Did you know that signing up to Betfair Poker gives you access to Betfair’s entire suite of gaming products? Your poker account details can be used for the sportsbook, the famous betting exchange, casino, and the awesome exchange games.
The Betfair Exchange Games combine poker and the site’s betting exchange. You can bet on a hand winning the pot, or bet against a hand winning. It’s even possible to make specific bets that results in you winning regardless of the outcome of the hand. These games are a great way to have a flutter when you fancy taking a break from playing actual poker.
We recently wrote about the Omaha Hi edition of Exchange Games, now it’s time for the Cadillac of Poker, Texas Hold’em.
How Do Hold’em Exchange Games Work?
The concept for Hold’em Exchange Games is simple, especially if you’ve ever played a hand of hold’em at the online poker tables.
Each game features four random hold’em hands. You can make a wager before the hole cards are revealed, then preflop, on the flop, and finally on the turn. They play like a typical hand of hold’em except there are four active players in the hand.
It’s possible to Back a hand or Lay a hand. Backing is betting that something will happen. Laying is the opposite; it’s betting on something not happening.
For example, you may Back pocket aces preflop with them being the best starting hand in hold’em. Conversely, you may wish to Lay seven-deuce offsuit because it’s the weakest. Laying a bet essentially makes you the bookmaker.
All winning bets have a 2.5% commission charged, losing bets do not command a commission.
Let’s take a look at a real-life example of a recent Hold’em Exchange Game so you can see a game in action.
Hold’em Exchange Games: The Deal
Every Hold’em Exchange Game starts with the deal. As you can see from the image, the four players’ hole cards are hidden and all the back and lay odds are exactly the same.
Some players like to place a wager at this stage, although doing so is pure gambling as you have a 25% chance of guessing correctly.
Hold’em Exchange Games: Preflop
The game progresses to the preflop stage where the hole cards are revealed. Betfair’s software changes both the back and lay odds to reflect the equity each holding has. Here’s a tip for you, fire up the PokerNews Odds Calculator, input all the hands and see how much of a favorite or underdog each hand is!
You can see here that Hand 1 is the favorite. Ace-high is the best hand right now but it is still quite vulnerable. Backing Hand 1 for £10 would result in a £25.20 win if Hand 1 remains best.
Laying the underdog, Hand 4, has odds of 6.1. Laying £10 would see you win £10 if Hand 4 doesn’t win, but you’d be on the hook for £61.00 if it did come from behind and win. This is called your liability. It’s usually a good idea to Lay lesser amounts to keep your liability low when the odds are relatively high.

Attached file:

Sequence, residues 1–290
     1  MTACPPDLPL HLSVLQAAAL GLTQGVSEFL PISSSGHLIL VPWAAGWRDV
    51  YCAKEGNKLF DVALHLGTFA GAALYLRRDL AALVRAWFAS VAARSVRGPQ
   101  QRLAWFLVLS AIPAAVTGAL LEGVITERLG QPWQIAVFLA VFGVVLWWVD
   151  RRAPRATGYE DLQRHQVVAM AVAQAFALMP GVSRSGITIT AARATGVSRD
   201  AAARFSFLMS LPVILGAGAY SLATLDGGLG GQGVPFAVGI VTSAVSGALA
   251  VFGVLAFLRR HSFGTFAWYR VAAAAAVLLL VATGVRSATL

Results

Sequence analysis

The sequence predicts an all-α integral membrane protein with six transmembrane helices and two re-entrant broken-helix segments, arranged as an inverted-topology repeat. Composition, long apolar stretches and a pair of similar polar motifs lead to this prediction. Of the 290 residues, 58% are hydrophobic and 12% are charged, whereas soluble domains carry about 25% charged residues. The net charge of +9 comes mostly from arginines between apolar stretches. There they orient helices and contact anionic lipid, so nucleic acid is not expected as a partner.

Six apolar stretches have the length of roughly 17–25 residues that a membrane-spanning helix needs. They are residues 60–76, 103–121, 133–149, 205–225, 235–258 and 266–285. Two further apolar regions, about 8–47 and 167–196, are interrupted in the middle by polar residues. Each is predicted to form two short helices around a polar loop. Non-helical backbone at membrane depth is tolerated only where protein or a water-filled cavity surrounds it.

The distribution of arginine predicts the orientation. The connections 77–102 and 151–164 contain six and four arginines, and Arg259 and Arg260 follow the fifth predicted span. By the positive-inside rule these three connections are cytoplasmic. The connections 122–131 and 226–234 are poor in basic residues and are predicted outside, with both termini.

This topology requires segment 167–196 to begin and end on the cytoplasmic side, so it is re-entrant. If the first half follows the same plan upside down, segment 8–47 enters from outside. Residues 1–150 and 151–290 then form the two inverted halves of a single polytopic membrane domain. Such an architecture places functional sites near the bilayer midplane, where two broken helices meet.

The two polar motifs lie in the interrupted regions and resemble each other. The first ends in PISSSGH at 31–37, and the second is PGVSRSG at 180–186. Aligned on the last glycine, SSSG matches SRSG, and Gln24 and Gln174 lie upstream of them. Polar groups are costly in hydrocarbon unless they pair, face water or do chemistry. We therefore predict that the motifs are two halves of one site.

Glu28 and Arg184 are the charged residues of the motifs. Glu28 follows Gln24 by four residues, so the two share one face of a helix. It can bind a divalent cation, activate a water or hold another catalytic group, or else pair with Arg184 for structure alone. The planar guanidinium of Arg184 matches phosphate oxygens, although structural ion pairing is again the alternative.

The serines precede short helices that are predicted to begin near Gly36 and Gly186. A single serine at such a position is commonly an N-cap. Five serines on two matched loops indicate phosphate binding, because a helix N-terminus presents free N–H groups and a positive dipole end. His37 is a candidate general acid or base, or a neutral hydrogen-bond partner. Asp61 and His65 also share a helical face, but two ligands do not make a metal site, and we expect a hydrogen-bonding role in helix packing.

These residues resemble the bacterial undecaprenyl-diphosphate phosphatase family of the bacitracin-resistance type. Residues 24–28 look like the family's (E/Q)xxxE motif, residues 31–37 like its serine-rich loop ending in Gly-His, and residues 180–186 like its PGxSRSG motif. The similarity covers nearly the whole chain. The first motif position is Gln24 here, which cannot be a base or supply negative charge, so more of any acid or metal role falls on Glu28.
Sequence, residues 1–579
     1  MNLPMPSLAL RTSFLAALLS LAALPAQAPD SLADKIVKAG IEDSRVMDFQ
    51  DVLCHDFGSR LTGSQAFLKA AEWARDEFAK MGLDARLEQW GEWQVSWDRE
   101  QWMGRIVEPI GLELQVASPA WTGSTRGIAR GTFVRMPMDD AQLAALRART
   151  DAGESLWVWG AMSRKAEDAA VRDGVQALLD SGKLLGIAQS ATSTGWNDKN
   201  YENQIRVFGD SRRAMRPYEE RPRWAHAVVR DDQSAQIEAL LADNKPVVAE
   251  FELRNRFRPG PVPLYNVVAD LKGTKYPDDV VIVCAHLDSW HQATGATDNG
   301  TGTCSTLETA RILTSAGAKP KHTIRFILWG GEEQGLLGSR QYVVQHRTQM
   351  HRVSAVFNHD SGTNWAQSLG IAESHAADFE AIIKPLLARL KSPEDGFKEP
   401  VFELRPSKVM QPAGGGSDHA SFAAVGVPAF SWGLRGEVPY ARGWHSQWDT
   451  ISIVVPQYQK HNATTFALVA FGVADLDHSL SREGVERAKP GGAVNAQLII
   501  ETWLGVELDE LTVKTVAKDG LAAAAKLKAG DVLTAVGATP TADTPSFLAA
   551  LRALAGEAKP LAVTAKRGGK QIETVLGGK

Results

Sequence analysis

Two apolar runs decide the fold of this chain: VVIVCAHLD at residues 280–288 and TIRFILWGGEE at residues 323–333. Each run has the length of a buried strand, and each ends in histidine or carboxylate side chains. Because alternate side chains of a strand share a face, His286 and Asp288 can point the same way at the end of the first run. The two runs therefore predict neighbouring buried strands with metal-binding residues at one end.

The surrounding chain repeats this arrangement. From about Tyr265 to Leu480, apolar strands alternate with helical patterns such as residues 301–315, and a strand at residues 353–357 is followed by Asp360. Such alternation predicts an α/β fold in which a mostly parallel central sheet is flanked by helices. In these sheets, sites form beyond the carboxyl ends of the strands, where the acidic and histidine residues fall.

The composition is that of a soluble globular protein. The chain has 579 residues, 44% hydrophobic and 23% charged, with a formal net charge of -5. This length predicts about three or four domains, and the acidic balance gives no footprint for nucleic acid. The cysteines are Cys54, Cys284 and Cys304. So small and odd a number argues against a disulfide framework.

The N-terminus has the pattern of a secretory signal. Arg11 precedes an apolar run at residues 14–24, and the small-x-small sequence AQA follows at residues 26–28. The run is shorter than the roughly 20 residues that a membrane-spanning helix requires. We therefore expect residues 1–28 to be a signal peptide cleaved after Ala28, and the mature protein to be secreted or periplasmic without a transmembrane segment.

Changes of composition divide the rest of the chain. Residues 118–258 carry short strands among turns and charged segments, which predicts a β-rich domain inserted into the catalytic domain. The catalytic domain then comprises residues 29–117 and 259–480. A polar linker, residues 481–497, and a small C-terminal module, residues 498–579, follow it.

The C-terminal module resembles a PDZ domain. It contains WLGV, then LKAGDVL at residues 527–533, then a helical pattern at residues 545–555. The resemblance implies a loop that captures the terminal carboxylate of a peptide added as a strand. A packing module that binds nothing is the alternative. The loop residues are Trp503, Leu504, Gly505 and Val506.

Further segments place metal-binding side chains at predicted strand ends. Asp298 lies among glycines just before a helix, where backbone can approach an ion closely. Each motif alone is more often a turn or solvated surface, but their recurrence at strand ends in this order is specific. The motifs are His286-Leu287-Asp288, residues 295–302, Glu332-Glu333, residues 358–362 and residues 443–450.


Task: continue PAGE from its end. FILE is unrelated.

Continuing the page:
Hold’em Exchange: The Flop
The flop is now dealt and you have the opportunity to place more back or lay bets. You can see that Hand 4 is now the clear favorite thanks to pairing its six. In fact, it’s a slightly better than an odds on favorite. Hand 3 has slipped to the underdog and the previous favorite, Hand 1, is now very second best.
You don’t have to place a bet here but you can if you wish. Use the available time to look at the odds calculator and to consider what may happen next. Hand 4 is best but it is still vulnerable. Any seven, eight, king or ace puts it way behind. Likewise, the odds will change if a draw becomes possible on the turn.
The flop is the defining street in any hold’em game and it’s no different here. If you laid Hand 4 preflop, consider backing it here to reduce your potential losses. Likewise, if you backed Hand 1 preflop, consider laying it to win that bet.
Hold’em Exchange Games: The Turn
Things have dramatically altered on the turn because Hand 1 has improved to top pair and it is now a huge favorite with one hand to come.
Hand 3 can no longer win regardless of the river card so is, therefore, eliminated. Let’s hope you placed a lay bet on earlier streets! Hand 2 and Hand 4 have the exact same odds because they need a minor miracle to win. Hand 2 needs a queen and only a queen while Hand 4 needs one of the remaining two sixes or the two fours still in the deck.
Hold’em Exchange Games: The River
The deuce on the river means Hand 1 is the victor.
Decimal Odds and Implied Probability
As a poker player, you’ve learned all about odds and probability. We know pocket aces are approximately 82% to beat a random hand, for example. The decimal odds give you an insight into the implied probability that a hand will win. The table below has some common decimal odds and what that equates to in chances of winning, it will come in handy!
|Decimal Odds||Fractional Odds||Implied Probability|